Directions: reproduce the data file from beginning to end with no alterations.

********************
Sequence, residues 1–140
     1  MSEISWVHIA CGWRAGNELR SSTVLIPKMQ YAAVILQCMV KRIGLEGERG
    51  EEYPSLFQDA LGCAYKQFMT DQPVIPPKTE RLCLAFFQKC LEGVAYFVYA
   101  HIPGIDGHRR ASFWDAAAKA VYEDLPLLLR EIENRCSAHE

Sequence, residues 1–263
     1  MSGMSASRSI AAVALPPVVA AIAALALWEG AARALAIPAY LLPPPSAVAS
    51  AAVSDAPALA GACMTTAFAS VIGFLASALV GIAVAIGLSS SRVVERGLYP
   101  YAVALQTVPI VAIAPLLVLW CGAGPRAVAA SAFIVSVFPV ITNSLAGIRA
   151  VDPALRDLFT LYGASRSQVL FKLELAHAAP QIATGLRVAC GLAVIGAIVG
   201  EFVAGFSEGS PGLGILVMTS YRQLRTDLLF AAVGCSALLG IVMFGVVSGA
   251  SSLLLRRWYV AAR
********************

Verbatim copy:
Sequence, residues 1–140
     1  MSEISWVHIA CGWRAGNELR SSTVLIPKMQ YAAVILQCMV KRIGLEGERG
    51  EEYPSLFQDA LGCAYKQFMT DQPVIPPKTE RLCLAFFQKC LEGVAYFVYA
   101  HIPGIDGHRR ASFWDAAAKA VYEDLPLLLR EIENRCSAHE

Sequence, residues 1–263
     1  MSGMSASRSI AAVALPPVVA AIAALALWEG AARALAIPAY LLPPPSAVAS
    51  AAVSDAPALA GACMTTAFAS VIGFLASALV GIAVAIGLSS SRVVERGLYP
   101  YAVALQTVPI VAIAPLLVLW CGAGPRAVAA SAFIVSVFPV ITNSLAGIRA
   151  VDPALRDLFT LYGASRSQVL FKLELAHAAP QIATGLRVAC GLAVIGAIVG
   201  EFVAGFSEGS PGLGILVMTS YRQLRTDLLF AAVGCSALLG IVMFGVVSGA
   251  SSLLLRRWYV AAR